Rio owns 58.7 percent of IOC and Mitsubishi (TSE:8058) holds 26.2 percent. Labrador Iron Ore Royalty (TSX:LIF.UN), which takes a 7-percent royalty and a $0.10-per-metric-ton (MT) commission on the iron ore that IOC sells, owns the remaining 15.1 percent.
IOC joins a growing list of Canadian mining assets that have recently been put on the market or sold, including two recent iron ore transactions by ArcelorMittal (NYSE:MT). In December, it sold 20 percent of its stake in Baffinland Iron Mines, which is developing the Mary River open-pit mine on Baffin Island, to its joint venture partner. That was followed by its sale of 15 percent of ArcelorMittal Mines Canada, which has two mines in the Labrador Trough, as well as a pellet plant and port facilities, to a consortium led by South Korean steelmaker POSCO (NYSE:PKX) for $1.1 billion.
Rio Tinto aims to get a handle on its debt
Like Arcelor, Rio is looking to cut debt, particularly after being forced to write down the value of its aluminum and coal assets by $14.4 billion last year. Rio’s gross debt rose to $26.7 billion in 2012, from $21.7 billion in 2011, prompting Standard & Poor’s to warn of a possible credit rating downgrade in the next 12 to 18 months, according to a February 26 Financial Times article.
Meanwhile, the company continues to work on controlling its costs: according to its 2012 earnings release, Rio will cut its capital expenditures to $13 billion in 2013 from $17.4 billion in 2012. It’s also aiming for cash cost savings of over $5 billion by the end of 2014. Overall, Rio lost $3 billion on the year, down from a profit of $5.8 billion in 2011. The latest results — particularly the massive writedown — prompted the resignation of CEO Tom Albanese. His replacement, Sam Walsh, has promised to rein in costs and tighten Rio’s focus.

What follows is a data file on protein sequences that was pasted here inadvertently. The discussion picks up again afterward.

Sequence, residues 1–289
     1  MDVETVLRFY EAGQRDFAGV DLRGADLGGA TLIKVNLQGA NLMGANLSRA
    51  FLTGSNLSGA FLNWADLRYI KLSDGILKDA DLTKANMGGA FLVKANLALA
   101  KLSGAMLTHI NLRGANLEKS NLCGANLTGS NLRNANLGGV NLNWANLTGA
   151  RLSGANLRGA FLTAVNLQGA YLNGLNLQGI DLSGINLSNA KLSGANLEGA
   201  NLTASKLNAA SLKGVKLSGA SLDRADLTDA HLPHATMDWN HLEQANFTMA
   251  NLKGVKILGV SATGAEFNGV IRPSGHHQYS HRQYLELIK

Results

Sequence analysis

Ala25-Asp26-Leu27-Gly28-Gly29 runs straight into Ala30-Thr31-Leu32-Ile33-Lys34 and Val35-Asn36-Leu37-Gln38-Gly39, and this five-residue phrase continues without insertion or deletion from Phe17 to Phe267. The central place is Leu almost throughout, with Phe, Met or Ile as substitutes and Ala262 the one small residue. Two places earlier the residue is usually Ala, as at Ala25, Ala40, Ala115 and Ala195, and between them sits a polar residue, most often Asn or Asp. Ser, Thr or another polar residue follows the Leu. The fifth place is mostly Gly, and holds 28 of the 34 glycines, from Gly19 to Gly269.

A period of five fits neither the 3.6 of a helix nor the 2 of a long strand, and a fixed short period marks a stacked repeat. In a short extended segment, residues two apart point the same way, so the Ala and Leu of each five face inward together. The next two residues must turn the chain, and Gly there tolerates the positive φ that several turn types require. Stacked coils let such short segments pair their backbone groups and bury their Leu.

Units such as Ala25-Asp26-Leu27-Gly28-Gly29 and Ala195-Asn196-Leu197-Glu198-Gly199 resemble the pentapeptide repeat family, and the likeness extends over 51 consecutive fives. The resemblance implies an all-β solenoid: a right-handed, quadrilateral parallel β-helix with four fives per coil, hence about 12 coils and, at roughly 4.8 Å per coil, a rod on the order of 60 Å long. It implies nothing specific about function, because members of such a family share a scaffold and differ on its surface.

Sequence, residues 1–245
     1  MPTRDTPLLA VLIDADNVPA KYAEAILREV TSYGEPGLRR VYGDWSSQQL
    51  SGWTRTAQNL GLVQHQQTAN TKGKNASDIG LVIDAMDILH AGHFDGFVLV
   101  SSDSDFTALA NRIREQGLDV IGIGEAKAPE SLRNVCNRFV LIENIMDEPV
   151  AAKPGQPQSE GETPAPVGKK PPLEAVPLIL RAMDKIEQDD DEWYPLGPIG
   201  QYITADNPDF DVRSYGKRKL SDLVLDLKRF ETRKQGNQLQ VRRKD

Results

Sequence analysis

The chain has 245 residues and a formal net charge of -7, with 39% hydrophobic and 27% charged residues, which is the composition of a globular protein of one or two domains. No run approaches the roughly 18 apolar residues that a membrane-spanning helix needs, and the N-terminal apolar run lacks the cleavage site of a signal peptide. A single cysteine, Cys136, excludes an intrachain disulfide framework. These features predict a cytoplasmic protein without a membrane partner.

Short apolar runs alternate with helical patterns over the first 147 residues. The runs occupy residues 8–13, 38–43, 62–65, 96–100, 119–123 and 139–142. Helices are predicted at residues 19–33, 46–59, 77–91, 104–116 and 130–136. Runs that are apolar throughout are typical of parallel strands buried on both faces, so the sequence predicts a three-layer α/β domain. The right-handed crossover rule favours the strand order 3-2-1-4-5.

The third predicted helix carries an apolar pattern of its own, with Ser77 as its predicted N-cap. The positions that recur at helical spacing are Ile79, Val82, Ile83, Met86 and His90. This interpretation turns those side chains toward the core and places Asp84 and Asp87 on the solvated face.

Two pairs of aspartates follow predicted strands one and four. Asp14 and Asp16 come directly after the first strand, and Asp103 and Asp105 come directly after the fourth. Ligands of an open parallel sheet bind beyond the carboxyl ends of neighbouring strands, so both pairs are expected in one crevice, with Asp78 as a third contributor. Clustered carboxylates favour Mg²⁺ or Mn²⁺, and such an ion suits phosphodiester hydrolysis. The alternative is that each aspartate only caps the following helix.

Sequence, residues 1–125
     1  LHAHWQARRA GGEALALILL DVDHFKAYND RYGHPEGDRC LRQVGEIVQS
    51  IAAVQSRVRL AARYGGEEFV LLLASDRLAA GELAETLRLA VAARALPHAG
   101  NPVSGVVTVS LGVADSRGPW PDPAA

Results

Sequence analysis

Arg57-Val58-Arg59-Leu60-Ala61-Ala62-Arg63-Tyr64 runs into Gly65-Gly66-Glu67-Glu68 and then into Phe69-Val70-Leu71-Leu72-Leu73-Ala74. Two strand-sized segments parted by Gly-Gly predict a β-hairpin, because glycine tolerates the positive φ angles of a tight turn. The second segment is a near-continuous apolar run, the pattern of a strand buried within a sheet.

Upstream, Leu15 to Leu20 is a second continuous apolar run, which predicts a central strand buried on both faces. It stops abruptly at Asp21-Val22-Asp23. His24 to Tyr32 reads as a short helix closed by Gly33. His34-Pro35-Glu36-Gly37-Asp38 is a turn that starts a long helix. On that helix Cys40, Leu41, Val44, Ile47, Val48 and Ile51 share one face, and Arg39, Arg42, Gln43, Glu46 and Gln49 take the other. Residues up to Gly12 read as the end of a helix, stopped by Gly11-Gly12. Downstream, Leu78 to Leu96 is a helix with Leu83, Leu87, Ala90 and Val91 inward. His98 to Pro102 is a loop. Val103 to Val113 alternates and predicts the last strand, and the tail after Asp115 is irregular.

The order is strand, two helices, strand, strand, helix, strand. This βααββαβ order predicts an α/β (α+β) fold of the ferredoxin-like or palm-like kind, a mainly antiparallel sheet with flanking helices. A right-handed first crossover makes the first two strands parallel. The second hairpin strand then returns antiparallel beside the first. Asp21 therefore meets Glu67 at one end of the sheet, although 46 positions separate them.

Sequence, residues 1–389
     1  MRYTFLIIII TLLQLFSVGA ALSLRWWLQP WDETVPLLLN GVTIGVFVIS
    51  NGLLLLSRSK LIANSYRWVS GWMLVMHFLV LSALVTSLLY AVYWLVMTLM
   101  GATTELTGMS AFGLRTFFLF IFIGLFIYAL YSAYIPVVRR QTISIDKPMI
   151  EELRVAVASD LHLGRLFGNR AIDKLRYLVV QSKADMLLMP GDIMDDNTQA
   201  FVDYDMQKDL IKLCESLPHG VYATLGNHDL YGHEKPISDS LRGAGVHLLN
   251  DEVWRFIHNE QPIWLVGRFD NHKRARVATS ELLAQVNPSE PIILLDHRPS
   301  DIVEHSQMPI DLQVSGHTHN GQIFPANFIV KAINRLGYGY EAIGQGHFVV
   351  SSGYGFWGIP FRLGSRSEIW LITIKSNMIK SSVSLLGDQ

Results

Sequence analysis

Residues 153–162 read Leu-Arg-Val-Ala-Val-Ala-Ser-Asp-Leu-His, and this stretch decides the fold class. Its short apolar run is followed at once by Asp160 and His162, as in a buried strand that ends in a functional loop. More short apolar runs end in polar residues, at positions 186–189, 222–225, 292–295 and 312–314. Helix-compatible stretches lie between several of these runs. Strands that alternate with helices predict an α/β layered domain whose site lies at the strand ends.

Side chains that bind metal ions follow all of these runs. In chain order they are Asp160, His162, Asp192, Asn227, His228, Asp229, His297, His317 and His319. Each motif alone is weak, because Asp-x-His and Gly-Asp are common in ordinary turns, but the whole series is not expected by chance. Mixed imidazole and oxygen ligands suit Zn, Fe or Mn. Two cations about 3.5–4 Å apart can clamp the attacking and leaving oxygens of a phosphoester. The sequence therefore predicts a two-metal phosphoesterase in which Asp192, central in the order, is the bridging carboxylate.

“I am looking hard at divestments,” he said in a March 1 Globe and Mail article. “There are a number of assets for us that are not core or they are underperforming.” IOC will join other Rio assets currently up for sale around the world, including its diamond business and aluminum operations in Australia and New Zealand.
IOC fits the description of a non-core asset
IOC is Canada’s largest iron ore producer. The company traces its roots back to 1954, when it started production at its Schefferville mine in Quebec. It now produces roughly 17 million metric tons per year (mtpa) of iron ore at its Carol concetrator, which is located near Labrador City in the province of Newfoundland and Labrador.
The company also owns the 418-kilometer Quebec North Shore & Labrador railway, which links the project to IOC’s shipping terminal at the port of Sept-Îles, Quebec.
Rio’s IOC stake generated $1.97 billion of revenue in 2012, or just 3.8 percent of the company’s total, according to Rio’s annual report. The latest figure is also down from $2.47 billion a year earlier. Capital expenditures rose to $742 million from $653 million, as the company completed an expansion that will boost IOC’s output to 23.3 million mtpa. To put that in context, Rio aims to increase production at its Pilbara operations in Australia to 360 million mtpa by mid-2015.
Potential buyers include other majors, Asian investors
So what might a sale of IOC look like? Desjardins Capital Markets analyst Jackie Przybylowski believes that the large size of Rio’s stake, which she values at between $2 and $4 billion, would likely mean that Rio would end up selling a portion, rather than the whole thing.